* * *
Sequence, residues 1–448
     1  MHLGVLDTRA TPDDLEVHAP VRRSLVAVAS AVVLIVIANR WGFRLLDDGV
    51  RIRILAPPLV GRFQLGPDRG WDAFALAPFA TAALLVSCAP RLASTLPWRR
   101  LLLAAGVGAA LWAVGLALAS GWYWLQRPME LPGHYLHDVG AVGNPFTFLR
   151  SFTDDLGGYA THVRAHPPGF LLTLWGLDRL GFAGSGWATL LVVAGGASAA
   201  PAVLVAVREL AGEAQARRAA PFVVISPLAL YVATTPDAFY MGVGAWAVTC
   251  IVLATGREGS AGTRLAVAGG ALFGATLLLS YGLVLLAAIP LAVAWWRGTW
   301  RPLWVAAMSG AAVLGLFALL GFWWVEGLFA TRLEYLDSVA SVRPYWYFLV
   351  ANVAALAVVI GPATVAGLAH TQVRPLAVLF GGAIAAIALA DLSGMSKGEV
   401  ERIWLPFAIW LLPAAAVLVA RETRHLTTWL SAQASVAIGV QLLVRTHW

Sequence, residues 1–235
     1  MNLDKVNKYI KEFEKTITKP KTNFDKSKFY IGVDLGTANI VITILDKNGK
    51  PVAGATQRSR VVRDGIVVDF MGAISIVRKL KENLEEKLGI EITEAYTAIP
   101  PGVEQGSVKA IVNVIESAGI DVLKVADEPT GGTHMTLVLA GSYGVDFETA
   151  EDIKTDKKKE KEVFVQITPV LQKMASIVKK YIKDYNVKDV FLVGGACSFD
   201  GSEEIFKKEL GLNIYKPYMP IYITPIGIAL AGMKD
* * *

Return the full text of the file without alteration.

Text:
Sequence, residues 1–448
     1  MHLGVLDTRA TPDDLEVHAP VRRSLVAVAS AVVLIVIANR WGFRLLDDGV
    51  RIRILAPPLV GRFQLGPDRG WDAFALAPFA TAALLVSCAP RLASTLPWRR
   101  LLLAAGVGAA LWAVGLALAS GWYWLQRPME LPGHYLHDVG AVGNPFTFLR
   151  SFTDDLGGYA THVRAHPPGF LLTLWGLDRL GFAGSGWATL LVVAGGASAA
   201  PAVLVAVREL AGEAQARRAA PFVVISPLAL YVATTPDAFY MGVGAWAVTC
   251  IVLATGREGS AGTRLAVAGG ALFGATLLLS YGLVLLAAIP LAVAWWRGTW
   301  RPLWVAAMSG AAVLGLFALL GFWWVEGLFA TRLEYLDSVA SVRPYWYFLV
   351  ANVAALAVVI GPATVAGLAH TQVRPLAVLF GGAIAAIALA DLSGMSKGEV
   401  ERIWLPFAIW LLPAAAVLVA RETRHLTTWL SAQASVAIGV QLLVRTHW

Sequence, residues 1–235
     1  MNLDKVNKYI KEFEKTITKP KTNFDKSKFY IGVDLGTANI VITILDKNGK
    51  PVAGATQRSR VVRDGIVVDF MGAISIVRKL KENLEEKLGI EITEAYTAIP
   101  PGVEQGSVKA IVNVIESAGI DVLKVADEPT GGTHMTLVLA GSYGVDFETA
   151  EDIKTDKKKE KEVFVQITPV LQKMASIVKK YIKDYNVKDV FLVGGACSFD
   201  GSEEIFKKEL GLNIYKPYMP IYITPIGIAL AGMKD